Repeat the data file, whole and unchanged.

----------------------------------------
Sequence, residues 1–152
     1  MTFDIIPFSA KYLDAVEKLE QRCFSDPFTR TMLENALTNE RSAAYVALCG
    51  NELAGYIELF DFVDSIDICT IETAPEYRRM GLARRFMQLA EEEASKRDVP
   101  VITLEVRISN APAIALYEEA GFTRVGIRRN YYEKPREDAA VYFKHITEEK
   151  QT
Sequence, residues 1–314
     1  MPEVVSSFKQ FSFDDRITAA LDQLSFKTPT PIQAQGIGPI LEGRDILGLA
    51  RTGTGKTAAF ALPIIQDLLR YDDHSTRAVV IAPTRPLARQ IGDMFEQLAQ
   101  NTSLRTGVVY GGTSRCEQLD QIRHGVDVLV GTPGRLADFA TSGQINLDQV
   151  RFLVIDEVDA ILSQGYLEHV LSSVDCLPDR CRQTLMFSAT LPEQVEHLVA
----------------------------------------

Sequence, residues 1–152
     1  MTFDIIPFSA KYLDAVEKLE QRCFSDPFTR TMLENALTNE RSAAYVALCG
    51  NELAGYIELF DFVDSIDICT IETAPEYRRM GLARRFMQLA EEEASKRDVP
   101  VITLEVRISN APAIALYEEA GFTRVGIRRN YYEKPREDAA VYFKHITEEK
   151  QT
Sequence, residues 1–314
     1  MPEVVSSFKQ FSFDDRITAA LDQLSFKTPT PIQAQGIGPI LEGRDILGLA
    51  RTGTGKTAAF ALPIIQDLLR YDDHSTRAVV IAPTRPLARQ IGDMFEQLAQ
   101  NTSLRTGVVY GGTSRCEQLD QIRHGVDVLV GTPGRLADFA TSGQINLDQV
   151  RFLVIDEVDA ILSQGYLEHV LSSVDCLPDR CRQTLMFSAT LPEQVEHLVA